Sensation, one of three ships in the Carnival fleet to have been chartered to the Federal Emergency Management Agency for the past six months, experienced a rocky return to service at Port Canaveral last week.
To hear the dozens of readers who've written to Cruise Critic tell it, the voyage was a disaster from beginning to end. It started with a failed inspection by the U.S. Coast Guard, which determined that there were problems in areas of fire-safety screen doors, fire-station valves and water-tight doors. The items were ultimately repaired and reinspected, and a Carnival spokesman said that "the work was certified by the U.S. Coast Guard and Lloyds Registry of Shipping, the world's leading ship classification society."
But the glitch delayed Sensation's departure by nearly seven hours (Carnival did provide all passengers with a $50 onboard credit and 25 percent off a future cruise to compensate for the long wait for boarding on Thursday).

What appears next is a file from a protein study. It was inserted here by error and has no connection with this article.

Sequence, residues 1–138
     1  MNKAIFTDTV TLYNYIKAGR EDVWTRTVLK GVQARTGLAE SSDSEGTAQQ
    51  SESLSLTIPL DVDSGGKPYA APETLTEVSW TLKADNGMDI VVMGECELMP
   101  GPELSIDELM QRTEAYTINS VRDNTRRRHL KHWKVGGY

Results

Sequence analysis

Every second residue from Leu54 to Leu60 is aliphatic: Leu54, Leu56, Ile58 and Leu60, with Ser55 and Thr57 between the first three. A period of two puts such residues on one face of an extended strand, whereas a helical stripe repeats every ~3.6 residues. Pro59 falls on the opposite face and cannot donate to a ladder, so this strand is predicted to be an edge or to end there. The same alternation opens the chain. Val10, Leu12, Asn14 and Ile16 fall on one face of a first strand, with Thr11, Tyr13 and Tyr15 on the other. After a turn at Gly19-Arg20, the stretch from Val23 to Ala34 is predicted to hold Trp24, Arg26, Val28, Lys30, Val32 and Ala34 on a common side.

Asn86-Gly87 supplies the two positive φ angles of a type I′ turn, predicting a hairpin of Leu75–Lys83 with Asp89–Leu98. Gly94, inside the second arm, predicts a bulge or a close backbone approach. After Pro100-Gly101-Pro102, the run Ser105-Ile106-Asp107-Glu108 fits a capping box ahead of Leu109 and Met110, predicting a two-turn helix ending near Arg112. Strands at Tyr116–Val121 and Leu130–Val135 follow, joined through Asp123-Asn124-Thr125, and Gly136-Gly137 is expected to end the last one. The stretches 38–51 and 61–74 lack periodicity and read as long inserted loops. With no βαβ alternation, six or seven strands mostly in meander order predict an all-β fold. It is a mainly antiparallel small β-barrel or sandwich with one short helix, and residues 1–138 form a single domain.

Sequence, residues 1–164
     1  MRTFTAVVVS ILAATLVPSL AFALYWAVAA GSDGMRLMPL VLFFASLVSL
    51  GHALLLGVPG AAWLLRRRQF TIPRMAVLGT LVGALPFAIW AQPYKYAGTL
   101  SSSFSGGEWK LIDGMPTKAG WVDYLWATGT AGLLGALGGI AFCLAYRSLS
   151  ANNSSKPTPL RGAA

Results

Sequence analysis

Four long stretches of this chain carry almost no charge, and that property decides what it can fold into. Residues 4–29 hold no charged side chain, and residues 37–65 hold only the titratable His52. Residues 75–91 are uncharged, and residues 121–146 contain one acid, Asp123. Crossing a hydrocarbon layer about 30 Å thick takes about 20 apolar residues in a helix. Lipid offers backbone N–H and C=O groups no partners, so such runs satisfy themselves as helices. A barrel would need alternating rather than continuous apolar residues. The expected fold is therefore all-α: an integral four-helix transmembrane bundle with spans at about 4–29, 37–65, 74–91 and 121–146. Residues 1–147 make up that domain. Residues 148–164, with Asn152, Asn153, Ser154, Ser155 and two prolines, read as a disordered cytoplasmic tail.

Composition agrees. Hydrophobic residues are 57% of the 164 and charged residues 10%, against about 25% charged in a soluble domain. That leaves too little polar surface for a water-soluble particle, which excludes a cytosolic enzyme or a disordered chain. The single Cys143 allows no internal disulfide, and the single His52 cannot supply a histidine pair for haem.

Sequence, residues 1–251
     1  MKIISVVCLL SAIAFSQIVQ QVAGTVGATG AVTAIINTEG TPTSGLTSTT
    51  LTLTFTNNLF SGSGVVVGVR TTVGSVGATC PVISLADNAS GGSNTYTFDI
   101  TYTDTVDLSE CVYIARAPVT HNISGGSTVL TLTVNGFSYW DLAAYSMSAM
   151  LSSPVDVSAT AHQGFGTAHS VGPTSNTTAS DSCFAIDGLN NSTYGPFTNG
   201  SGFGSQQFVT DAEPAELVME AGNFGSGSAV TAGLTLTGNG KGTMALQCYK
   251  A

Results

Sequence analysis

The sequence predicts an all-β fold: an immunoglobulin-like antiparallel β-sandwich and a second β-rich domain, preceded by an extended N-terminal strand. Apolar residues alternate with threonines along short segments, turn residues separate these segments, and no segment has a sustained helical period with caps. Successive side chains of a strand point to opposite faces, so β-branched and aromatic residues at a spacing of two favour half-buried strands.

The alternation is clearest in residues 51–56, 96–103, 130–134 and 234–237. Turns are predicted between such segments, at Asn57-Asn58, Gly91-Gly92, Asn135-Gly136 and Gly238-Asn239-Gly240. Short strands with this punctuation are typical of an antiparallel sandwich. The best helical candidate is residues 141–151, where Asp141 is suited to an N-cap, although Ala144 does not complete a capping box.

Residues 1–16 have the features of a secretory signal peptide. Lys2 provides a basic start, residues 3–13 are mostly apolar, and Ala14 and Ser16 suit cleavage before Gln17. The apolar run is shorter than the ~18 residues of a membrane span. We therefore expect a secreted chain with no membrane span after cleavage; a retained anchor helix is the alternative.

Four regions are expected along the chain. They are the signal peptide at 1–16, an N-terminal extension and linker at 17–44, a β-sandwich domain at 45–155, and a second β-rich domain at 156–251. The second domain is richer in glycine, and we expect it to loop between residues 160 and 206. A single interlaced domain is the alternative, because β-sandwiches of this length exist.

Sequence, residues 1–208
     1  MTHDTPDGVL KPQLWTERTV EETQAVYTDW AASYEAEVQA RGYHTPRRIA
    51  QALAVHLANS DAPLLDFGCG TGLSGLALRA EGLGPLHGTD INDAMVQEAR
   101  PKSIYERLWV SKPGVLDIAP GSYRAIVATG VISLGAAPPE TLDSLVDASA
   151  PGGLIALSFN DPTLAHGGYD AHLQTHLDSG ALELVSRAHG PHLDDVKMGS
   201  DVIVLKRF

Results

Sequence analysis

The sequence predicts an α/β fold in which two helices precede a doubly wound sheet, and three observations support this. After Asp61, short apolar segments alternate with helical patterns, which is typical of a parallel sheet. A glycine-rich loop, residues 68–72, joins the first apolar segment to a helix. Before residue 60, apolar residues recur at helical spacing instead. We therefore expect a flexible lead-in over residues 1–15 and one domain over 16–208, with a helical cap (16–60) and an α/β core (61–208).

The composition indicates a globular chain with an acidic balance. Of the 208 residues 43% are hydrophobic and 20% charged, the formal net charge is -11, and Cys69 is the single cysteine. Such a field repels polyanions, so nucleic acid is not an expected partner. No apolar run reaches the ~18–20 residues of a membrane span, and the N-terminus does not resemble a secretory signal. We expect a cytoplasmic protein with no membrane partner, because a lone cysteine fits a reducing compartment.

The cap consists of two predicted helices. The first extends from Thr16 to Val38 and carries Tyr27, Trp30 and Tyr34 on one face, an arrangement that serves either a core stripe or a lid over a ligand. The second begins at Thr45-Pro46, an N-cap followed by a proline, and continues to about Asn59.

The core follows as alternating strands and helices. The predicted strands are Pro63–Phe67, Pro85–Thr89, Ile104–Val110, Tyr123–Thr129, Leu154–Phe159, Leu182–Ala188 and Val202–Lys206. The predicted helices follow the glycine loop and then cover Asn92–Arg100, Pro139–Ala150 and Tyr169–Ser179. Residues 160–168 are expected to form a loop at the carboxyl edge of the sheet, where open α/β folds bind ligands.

To complicate matters further, the ship was not ready for prime time, according to passengers who contacted Cruise Critic, who mentioned problems ranging from rust-colored water to closed facilities. Sensation also was late arriving at the port of Nassau, which forced the cancellation of some shore excursions.
A report in today's Orlando Sentinel tells of an even more bizarre story in which Nathan and Jennifer Leslie, a couple from Winter Haven, Florida, complained so vociferously about various matters that the captain booted them off the ship in Nassau. They were forced to fork out cash for a hotel night there (though Carnival reimbursed them for airfare). We must admit we're a bit puzzled by a comment made by Mr. Leslie, for whom the cruise was meant to be a celebration of his return from Iraq. He was quoted in the article as saying "I feared for my life" in Nassau.
A Carnival spokeswoman notes that it's very unusual for the line to eject passengers from its ships.